Here's a look at 10 of the NHL's all-time best in providing the leadership that got the most out of their teammates.

Back-to-back Cup winners like Kings' chances

Thursday, 08.30.2012 / 3:00 AM / NHL Insider

Tal Pinchevsky - Staff Writer

The 2012-13 NHL campaign will mark 15 years since the Detroit Red Wings became the last team to repeat as Stanley Cup champions. In the 13 postseasons since the Wings went back-to-back, 11 different clubs have won the Cup, with Detroit and New Jersey being the only clubs to win it more than once. But with the Kings' entire championship roster returning this season, a couple of notable names like their chances to repeat.

"I think their chances are very good. It's becoming tougher and tougher [to repeat]. You need to try to avoid the hangover of the celebration. They're the champions and someone's got to knock them off the hill," said Bryan Trottier, who won the Cup six times as a player with the Islanders and Penguins and is one of only two players in the past 30 years -- along with Larry Murphy -- to win consecutive titles with two different franchises. "I know our first [Islanders] championship, we weren't the best team in the League during the season. But the next year, everyone was ready for us and prepared for us. We had to show up and we had to earn our stripes."

Rookie Showcase unites next wave of potential stars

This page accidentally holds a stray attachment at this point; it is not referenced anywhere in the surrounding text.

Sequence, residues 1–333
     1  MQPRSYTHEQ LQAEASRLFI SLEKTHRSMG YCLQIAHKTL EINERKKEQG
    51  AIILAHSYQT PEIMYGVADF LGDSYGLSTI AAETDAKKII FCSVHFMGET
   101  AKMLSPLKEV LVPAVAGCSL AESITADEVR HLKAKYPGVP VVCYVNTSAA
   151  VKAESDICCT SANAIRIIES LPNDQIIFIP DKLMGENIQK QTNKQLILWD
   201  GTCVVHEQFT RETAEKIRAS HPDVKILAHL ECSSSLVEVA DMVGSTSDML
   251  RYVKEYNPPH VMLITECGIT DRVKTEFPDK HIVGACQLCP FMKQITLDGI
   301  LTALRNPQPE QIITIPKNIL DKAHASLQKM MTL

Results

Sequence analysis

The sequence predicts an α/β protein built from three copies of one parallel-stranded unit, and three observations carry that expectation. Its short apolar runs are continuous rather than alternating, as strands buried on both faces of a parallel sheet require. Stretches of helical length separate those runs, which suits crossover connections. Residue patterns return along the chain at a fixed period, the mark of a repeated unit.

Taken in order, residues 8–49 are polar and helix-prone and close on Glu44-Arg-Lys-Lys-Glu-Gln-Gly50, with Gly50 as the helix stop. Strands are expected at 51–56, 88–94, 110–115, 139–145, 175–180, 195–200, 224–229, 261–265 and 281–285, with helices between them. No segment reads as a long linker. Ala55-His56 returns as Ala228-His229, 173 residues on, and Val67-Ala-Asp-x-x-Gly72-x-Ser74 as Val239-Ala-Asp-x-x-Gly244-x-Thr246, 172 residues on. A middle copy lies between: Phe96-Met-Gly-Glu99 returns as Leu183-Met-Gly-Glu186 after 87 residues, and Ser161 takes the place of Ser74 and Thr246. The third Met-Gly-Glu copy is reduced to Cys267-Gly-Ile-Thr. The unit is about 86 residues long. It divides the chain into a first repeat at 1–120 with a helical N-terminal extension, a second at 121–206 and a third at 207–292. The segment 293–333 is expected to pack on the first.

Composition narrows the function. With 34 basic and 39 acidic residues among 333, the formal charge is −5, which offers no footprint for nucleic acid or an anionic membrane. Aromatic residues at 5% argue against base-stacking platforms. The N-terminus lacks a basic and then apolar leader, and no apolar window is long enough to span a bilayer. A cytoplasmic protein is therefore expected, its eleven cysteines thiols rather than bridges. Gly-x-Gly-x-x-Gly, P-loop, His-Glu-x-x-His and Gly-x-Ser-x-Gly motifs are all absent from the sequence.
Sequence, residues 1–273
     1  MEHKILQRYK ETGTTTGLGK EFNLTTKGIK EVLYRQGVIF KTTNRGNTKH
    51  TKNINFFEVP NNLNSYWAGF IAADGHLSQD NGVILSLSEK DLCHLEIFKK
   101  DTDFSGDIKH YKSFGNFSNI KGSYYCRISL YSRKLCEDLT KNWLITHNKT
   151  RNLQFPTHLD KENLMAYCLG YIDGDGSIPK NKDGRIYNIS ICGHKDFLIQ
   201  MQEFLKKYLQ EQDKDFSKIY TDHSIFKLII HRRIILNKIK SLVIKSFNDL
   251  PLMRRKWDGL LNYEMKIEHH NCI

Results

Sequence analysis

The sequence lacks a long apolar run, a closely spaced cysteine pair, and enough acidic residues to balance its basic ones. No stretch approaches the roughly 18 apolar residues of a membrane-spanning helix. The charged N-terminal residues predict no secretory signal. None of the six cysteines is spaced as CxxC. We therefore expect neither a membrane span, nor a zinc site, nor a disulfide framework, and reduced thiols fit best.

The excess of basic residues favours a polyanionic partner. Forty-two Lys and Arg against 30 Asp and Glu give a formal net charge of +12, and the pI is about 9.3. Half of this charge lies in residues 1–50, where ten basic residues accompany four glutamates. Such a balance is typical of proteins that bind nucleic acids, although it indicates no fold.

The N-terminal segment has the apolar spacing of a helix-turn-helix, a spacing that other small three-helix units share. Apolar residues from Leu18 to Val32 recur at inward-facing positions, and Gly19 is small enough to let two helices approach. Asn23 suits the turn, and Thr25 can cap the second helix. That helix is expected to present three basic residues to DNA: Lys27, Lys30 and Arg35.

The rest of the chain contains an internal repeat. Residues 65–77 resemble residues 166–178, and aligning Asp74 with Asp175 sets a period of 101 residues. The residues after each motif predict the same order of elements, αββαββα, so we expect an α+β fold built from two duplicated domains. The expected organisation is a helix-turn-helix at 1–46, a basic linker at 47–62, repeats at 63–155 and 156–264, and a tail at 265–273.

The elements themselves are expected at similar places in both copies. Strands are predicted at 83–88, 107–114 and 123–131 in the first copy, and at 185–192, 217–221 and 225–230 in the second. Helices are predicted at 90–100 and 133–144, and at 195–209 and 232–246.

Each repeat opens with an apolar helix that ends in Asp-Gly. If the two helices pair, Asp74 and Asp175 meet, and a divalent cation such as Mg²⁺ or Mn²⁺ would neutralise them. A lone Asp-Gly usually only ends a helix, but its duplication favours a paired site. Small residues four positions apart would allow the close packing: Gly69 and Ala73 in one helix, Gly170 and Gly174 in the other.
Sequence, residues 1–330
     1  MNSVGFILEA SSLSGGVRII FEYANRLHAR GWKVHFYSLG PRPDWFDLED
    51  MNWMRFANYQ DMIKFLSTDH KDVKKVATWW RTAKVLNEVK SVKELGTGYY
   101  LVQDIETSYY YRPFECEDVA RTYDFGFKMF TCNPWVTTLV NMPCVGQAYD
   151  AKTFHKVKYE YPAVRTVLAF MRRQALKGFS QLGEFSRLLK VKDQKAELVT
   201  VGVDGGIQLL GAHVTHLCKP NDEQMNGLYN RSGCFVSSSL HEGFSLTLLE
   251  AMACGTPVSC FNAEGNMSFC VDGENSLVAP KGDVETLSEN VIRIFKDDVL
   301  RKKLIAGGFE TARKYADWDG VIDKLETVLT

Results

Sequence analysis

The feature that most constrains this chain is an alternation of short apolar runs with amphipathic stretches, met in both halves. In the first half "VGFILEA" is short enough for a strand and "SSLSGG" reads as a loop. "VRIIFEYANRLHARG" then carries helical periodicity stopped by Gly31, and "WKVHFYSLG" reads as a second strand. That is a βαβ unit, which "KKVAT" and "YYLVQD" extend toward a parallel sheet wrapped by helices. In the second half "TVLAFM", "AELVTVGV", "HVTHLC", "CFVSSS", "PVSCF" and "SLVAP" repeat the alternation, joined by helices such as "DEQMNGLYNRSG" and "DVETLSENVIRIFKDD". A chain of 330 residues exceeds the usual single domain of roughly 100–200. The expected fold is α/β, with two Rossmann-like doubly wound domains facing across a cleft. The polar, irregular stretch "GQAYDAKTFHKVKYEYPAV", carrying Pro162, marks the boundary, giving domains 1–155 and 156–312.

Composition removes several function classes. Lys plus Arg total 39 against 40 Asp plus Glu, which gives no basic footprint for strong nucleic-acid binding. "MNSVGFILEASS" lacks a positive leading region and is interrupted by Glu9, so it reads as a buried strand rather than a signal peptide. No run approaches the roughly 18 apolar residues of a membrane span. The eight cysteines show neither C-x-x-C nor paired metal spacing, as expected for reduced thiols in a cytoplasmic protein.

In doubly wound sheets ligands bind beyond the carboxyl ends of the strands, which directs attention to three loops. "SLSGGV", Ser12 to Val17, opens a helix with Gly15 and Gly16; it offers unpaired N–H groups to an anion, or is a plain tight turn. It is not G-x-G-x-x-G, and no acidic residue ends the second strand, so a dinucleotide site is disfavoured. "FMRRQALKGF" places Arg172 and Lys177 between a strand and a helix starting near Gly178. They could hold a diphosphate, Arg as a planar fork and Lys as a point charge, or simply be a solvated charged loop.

Tuesday, 08.28.2012 / 5:04 PM / NHL Insider

Ben Raby - Correspondent

TORONTO -- Edmonton Oilers prospect Justin Schultz was about to be photographed for his first hockey card when the 22-year-old took in his surroundings and realized how much his life has changed in 12 months.

"I think a year ago this week I would have been traveling back to Madison and just loading up on textbooks and getting ready for the fall semester," the former University of Wisconsin defenseman said. "It's a lot different today, that's for sure."

Schultz signed with the Oilers in June after being courted by several NHL teams, and Tuesday in Toronto he was one of 29 prospects decked out in an NHL uniform for photo shoots and promotional purposes as part of the NHLPA's 2012 Rookie Showcase.

The fourth annual event provides Panini America and Upper Deck -- the two official trading card partners of the NHL and NHLPA -- with the opportunity to photograph top prospects for the first time in their official NHL team uniforms. The photos are used for trading cards and memorabilia launches.

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It's a big milestone for me and I'm happy to help my team with lots of good teammates. It's fun.

— Detroit's Pavel Datsyuk, who on Wednesday became the ninth Russian-born player, and ninth Red Wings player, to score 300 NHL goals